Exploring the Unknown

Understanding and navigating large XML datasets

Micah Dubinko

Lead Engineer


Copyright © 2012 Micah Dubinko

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Exploring the Unknown

Understanding and navigating large XML datasets

Balisage: The Markup Conference 2012
August 7 - 10, 2012

More data than you know what to do with

It’s increasingly common for information workers to come in contact with unfamiliar datasets. Governments around the world are releasing more and bigger datasets. Corporations are collecting and releasing more data than ever, often in XML or another format easily convertible to XML. This trend, while welcomed by many, poses questions about how to come to understand large XML datasets.

In general, bulk analysis of large datasets gets done through an ad-hoc assortment of machine learning techniques. Few of these, however, are specifically targeted at the unique aspects of the XML data model, as examined in this paper.

One tool in particular that has come into widespread use for analyzing datasets is R, which has available a set of XML libraries R Language; Package 'XML'. However, while R is often useful for initial exploration, it lacks an upgrade path into an operational data store such as an XML database, and the XML capabilities provided are DOM and XPath-centric, which are less suited to bulk analysis.

The most common approach used by databases to deal with searching and navigating through large datasets is an index, trading space for time. Once an index is set up and occupying additional disk and/or memory space, certain kinds of queries run significantly faster.

With an unknown dataset, though, this presents a chicken-and-egg problem. Many database systems assume the availability of indexes to perform navigational functions such as faceted search. Without such features, it’s more difficult to get to know the data. And if the structure of the data is unknown, how can one create the necessary indexes in the first place?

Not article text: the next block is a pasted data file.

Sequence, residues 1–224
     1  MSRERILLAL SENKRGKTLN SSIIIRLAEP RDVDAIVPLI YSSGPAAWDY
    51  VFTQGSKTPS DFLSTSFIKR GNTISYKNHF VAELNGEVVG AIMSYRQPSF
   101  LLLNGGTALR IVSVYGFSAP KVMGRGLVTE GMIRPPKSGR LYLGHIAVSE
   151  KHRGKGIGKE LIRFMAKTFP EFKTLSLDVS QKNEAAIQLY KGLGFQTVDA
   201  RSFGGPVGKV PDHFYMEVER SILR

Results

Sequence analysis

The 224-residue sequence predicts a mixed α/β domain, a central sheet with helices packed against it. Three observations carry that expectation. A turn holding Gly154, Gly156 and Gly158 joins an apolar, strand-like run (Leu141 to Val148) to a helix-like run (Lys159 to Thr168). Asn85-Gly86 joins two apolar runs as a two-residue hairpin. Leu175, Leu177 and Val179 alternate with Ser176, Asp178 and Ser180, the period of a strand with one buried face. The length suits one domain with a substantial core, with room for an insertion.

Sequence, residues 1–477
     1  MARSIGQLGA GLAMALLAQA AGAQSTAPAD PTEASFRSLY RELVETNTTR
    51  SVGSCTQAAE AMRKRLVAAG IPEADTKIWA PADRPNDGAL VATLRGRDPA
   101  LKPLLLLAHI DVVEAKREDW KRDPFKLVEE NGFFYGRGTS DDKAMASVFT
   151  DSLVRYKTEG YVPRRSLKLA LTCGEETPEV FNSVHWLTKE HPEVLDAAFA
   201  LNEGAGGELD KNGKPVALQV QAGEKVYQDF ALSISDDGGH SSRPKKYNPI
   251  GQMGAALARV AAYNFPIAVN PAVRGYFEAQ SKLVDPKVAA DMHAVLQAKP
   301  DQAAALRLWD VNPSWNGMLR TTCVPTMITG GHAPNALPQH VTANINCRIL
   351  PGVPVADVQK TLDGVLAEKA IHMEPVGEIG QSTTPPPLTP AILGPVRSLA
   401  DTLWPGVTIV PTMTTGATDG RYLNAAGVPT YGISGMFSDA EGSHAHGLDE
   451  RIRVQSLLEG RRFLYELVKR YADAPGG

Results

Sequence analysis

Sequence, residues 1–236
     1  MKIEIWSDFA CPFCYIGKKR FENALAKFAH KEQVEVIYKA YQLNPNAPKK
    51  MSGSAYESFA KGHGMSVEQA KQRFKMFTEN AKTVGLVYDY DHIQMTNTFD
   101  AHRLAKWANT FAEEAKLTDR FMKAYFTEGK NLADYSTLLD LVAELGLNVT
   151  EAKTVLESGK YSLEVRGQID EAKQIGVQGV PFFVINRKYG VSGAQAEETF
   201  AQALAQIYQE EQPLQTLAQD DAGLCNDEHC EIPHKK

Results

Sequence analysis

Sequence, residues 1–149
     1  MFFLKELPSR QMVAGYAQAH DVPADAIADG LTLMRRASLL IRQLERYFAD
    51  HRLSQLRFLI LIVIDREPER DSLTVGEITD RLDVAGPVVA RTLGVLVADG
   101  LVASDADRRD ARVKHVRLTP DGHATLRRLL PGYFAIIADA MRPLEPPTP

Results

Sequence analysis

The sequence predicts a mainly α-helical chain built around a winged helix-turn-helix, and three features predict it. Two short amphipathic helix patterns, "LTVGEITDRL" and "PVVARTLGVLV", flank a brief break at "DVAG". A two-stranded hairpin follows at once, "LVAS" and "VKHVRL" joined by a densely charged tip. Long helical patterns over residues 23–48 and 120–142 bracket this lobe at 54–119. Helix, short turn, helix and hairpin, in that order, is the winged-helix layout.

One answer is that indexes should be arranged based on queries rather than data. This is a valid approach, although not of much help in the case of bootstrapping a truly unknown dataset.

Another approach, one explored in the remainder of this paper, is to rely on statistical sampling approaches rather than indexes. This presents tradeoffs in terms of size, speed, and accuracy. At the same time, it offers benefits:

Rapid start

The ability to run queries immediately, without prior configuration.


The ability to run queries before or during a lengthy indexing operation.


An aid to identifying areas in the dataset that might requires some amount of cleanup before applying indexing.

Cross-platform development

None of the techniques here depend on proprietary index structures.

Performance baselining

These techniques can be used as a measuring stick to compare the size and speed tradeoffs of various index configurations.

Though the techniques shown here are universally applicable, for convenience, code samples in this paper are based on an early access release of MarkLogic 6 MarkLogic docs.

Random Sampling